The arrest has been condemned by members of the public, opposition parties and civil society groups, who yesterday vowed to forge ahead with the mass action to bring Mugabe's government to its knees and force him to urgently address the country's deteriorating socio-economic environment or step down.

Last Wednesday's protests, co-ordinated by Mawarire with the support of Tajamuka/Sesijikile, Occupy Africa Unity Square and all opposition parties, brought the country to a virtual standstill, although Zanu-PF declared it was unmoved by the action.

The stay away coincided with civil servants' strike over delays in the payment of their June salaries.

But after the mass action, State security agents descended heavily on the organisers, including Tajamuka/Sesijikile spokesperson, Promise Mkwananzi, accusing them of inciting public violence.

The Morgan Tsvangirai-led opposition MDC-T yesterday condemned Mawarire and Mkwananzi's arrests, describing them as an act of desperation by the Zanu-PF regime.

"Indeed, it is the constitutional right of every citizen to be able to engage in peaceful and non-violent demonstrations as clearly enshrined in section 59 of the Constitution of Zimbabwe," the party said in a statement.

"To this extent, therefore, it is wholly uncalled for, and indeed draconian and primitive, for the police to arrest Mawarire for simply calling upon his fellow Zimbabweans to join him in a peaceful and non-violent stay away."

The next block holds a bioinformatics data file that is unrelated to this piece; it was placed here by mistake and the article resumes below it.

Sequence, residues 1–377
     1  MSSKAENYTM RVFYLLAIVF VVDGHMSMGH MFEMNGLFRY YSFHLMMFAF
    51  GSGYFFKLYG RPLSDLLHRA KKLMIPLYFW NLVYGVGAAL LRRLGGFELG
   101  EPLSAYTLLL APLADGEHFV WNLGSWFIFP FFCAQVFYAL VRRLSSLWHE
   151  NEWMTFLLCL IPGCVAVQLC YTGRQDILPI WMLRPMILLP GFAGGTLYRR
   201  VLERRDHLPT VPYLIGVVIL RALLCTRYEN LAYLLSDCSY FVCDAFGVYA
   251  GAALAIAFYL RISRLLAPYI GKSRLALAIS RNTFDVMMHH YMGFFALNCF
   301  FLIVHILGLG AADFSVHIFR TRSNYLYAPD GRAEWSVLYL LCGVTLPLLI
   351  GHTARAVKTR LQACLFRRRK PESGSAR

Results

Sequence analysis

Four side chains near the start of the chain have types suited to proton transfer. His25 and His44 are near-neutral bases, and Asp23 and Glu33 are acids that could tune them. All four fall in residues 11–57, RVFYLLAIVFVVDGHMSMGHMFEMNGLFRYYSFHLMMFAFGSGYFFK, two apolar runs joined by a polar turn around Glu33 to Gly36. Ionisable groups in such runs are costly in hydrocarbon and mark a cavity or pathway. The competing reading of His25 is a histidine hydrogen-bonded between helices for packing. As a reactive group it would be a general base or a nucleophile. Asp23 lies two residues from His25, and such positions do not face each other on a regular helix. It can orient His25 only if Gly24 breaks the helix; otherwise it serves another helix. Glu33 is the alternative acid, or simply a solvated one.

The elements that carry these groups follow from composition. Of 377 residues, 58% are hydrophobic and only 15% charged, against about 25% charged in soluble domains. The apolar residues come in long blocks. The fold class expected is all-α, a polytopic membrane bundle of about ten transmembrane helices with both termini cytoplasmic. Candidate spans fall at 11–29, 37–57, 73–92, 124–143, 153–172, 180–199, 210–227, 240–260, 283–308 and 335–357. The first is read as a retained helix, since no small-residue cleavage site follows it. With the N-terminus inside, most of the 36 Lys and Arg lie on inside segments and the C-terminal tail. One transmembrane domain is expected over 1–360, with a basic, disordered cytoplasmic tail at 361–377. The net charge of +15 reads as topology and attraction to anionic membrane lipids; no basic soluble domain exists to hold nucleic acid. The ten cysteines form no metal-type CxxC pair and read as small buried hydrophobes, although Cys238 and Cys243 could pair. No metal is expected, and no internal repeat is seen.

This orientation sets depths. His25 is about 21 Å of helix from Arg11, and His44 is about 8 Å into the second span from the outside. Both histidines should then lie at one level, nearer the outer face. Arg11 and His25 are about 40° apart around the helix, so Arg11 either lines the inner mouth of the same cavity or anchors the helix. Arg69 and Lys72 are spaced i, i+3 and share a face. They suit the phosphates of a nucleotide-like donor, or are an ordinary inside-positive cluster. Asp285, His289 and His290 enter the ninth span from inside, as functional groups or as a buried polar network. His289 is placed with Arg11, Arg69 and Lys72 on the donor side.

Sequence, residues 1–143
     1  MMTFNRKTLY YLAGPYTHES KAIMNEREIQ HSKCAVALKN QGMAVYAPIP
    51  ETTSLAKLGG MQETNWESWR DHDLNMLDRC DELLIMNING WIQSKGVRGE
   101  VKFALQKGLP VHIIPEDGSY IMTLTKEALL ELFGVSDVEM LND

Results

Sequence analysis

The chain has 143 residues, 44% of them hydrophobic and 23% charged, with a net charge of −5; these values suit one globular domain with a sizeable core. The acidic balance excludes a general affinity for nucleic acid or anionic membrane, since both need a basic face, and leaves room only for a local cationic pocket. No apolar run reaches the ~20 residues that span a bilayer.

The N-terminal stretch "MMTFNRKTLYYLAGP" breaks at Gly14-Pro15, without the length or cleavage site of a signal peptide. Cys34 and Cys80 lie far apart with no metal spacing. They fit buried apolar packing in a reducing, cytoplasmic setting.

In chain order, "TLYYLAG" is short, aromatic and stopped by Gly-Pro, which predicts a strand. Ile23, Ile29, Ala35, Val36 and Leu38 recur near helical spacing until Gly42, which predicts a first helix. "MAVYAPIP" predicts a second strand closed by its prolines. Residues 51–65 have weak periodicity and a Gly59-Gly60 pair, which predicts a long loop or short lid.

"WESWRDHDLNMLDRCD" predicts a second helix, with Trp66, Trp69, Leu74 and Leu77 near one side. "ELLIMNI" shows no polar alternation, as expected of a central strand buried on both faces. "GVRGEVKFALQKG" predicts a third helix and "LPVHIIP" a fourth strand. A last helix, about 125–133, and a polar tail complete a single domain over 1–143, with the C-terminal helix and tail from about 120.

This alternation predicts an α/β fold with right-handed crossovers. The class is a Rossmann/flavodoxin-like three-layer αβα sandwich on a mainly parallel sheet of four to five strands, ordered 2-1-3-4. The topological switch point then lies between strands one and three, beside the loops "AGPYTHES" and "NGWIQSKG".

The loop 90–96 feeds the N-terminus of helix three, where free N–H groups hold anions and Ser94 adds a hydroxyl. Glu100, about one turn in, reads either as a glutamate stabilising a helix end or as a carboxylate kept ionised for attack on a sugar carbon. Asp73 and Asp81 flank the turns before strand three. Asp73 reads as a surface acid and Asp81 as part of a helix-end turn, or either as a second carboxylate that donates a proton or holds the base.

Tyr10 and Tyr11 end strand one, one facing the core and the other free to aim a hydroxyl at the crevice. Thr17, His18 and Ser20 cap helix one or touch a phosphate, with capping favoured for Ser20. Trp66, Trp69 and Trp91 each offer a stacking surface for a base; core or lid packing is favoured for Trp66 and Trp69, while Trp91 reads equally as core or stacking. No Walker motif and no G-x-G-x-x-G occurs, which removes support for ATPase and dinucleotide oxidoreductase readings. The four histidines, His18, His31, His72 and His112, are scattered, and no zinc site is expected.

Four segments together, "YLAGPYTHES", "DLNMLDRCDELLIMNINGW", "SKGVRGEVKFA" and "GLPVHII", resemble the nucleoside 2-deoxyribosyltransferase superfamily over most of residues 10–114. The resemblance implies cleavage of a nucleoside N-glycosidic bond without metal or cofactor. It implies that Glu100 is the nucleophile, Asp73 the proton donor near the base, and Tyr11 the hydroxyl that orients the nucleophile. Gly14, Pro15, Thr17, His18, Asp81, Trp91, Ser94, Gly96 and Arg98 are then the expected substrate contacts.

MDC spokesperson, Kurauone Chihwayi said: "This kind of poor planning and strategy on the part of Zanu-PF will obviously lead to an uncontrollable eruption of protests nationwide. The people are simply demanding their country from Mugabe and no one can stop that."

Former Vice-President Joice Mujuru urged Zimbabweans to exercise their constitutional right to demonstrate in a peaceful manner.

People's Democratic Party leader, Tendai Biti said: "The person who should be arrested for inciting violence is (Finance minister) Patrick Chinamasa for deliberately failing to pay civil servants their dues and, therefore, creating anger and disaffection."

"The (other) person, who should be arrested for creating the potential for public violence, is Mugabe, who for 36 years has presided over what essentially is a carcass of an economy, where four million of our people had to look for greener pastures and 76% of our people are living in extreme poverty surviving on less than $1 a day.

"Mugabe should be arrested for inciting public violence because he is responsible for the thousands of jobless school leavers."
Biti said his party would participate in the stay aways.

Activist, Patson Dzamara, whose brother, Itai, went missing 16 months ago following his abduction by alleged State security agents, said no amount of intimidation would stop Zimbabweans from exercising their rights.

However, Apex Council boss, Cecilia Alexander said government workers would not take part in the stay away, as they were bound by a code of conduct prohibiting them to do so.

Source - newsday